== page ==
Morphometric panel regression equations for predicting body mass in immature humans.

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2018-05

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Abstract

OBJECTIVES:Predicting body mass is a frequent objective of several anthropological subdisciplines, but there are few published methods for predicting body mass in immature humans. Because most reference samples are composed of adults, predicting body mass outside the range of adults requires extrapolation, which may reduce the accuracy of predictions. Prediction equations developed from a sample of immature humans would reduce extrapolation for application to small-bodied target individuals, and should have utility in multiple predictive contexts. MATERIALS AND METHODS:Here, we present two novel body mass prediction equations derived from 3468 observations of stature and bi-iliac breadth from a large sample of immature humans (n = 173) collected in the Harpenden Growth Study. Prediction equations were generated using raw and natural log-transformed data and modeled using panel regression, which accounts for serial autocorrelation of longitudinal observations. Predictive accuracy was gauged with a global sample of human juveniles (n = 530 age- and sex-specific annual means) and compared to the performance of the adult morphometric prediction equation previously identified as most accurate for human juveniles. RESULTS:While the raw data panel equation is only slightly more accurate than the adult equation, the logged data panel equation generates very accurate body mass predictions across both sexes and all age classes of the test sample (mean absolute percentage prediction error = 2.47). DISCUSSION:The logged data panel equation should prove useful in archaeological, forensic, and paleontological contexts when predictor variables can be measured with confidence and are outside the range of modern adult humans.

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10.1002/ajpa.23422

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Yapuncich, Gabriel S, Steven E Churchill, Noël Cameron and Christopher S Walker (2018). Morphometric panel regression equations for predicting body mass in immature humans. American journal of physical anthropology, 166(1). pp. 179–195. 10.1002/ajpa.23422 Retrieved from https://hdl.handle.net/10161/18073.

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Scholars@Duke

Yapuncich

Gabriel Yapuncich

Assistant Professor of the Practice of Medical Education

I hail from the great mountain states of Montana (the state of my birth) and Wyoming (the state of my childhood). I have a bachelor's degree in English literature from the University of Wisconsin and a bachelor's degree in the evolutionary biology from Columbia University. I completed my PhD in evolutionary anthropology at Duke University in March 2017, working with Dr. Doug M. Boyer. I have taught gross and microanatomy to Duke University School of Medicine students since 2018. In 2021, I joined the DUSOM MD program as an Assistant Professor of the Practice of Medical Education and Director of Accreditation and Continuous Quality Improvement.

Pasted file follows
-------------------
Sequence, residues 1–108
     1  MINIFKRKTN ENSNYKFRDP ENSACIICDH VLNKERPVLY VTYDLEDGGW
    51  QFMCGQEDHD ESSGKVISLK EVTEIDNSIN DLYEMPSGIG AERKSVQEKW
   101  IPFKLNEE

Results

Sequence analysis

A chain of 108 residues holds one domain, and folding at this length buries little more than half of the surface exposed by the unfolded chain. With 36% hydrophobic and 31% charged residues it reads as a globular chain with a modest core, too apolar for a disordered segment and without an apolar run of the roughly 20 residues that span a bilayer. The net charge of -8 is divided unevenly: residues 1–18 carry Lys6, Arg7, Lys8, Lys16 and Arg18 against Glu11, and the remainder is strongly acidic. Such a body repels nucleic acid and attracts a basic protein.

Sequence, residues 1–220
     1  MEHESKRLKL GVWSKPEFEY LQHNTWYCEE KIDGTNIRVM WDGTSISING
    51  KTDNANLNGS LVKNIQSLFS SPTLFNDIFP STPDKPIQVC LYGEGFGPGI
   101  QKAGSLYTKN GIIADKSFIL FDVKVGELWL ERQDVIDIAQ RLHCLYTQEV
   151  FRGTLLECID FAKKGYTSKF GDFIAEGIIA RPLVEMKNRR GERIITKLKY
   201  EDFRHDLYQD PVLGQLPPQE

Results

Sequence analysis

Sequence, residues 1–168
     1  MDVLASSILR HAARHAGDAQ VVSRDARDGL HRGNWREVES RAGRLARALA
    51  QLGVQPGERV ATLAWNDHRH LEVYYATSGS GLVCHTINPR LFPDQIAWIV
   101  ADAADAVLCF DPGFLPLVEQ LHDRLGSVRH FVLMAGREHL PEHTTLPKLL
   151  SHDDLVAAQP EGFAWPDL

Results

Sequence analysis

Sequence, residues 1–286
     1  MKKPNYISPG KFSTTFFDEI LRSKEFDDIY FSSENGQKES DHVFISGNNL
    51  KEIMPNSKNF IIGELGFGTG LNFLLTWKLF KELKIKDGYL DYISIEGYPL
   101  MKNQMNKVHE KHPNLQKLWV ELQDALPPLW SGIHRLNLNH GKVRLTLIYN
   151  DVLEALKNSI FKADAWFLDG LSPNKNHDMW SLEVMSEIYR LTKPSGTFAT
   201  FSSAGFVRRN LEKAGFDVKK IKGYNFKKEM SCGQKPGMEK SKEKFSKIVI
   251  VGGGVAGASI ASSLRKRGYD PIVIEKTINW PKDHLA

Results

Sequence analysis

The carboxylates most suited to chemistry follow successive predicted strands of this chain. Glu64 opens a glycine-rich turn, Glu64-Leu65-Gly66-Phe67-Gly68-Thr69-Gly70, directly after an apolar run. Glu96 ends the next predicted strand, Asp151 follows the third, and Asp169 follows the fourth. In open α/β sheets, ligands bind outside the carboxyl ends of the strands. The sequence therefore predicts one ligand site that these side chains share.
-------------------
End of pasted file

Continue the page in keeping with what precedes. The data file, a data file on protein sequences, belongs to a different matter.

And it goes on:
Churchill

Steven E. Churchill

Professor in the Department of Evolutionary Anthropology

I am a human paleontologist studying morphological and behavioral adaptation in the genus Homo. Through comparative functional-morphological analysis of human fossil remains, coupled with investigation of the archeological record of prehistoric human behavior, my students and I conduct research in the following inter-related areas:

1) The ecology, energetics and adaptive strategies of premodern members of the genus Homo (especially the Neandertals [Homo neanderthalensis] of Europe and western Asia and Middle Pleistocene archaic humans of Africa [variously attributed to H. heidelbergensis, H. rhodesiensis or H. helmei] ) and early members of our own species [H. sapiens] in Africa, the Near East and Europe.

2) Adaptive evolution during the emergence of the genus Homo, focusing on the functional morphology of Australopithecus sediba, H. naledi, and H. erectus.

3) The evolution of human subsistence strategies across the Middle and Late Pleistocene, with an emphasis on the nature of the hunting methods employed by various groups.

4) The evolution of subsistence technology, especially the origins of true long-range projectile weaponry.

5) The community ecology of humans and large-bodied carnivores in Pleistocene Europe and Africa.


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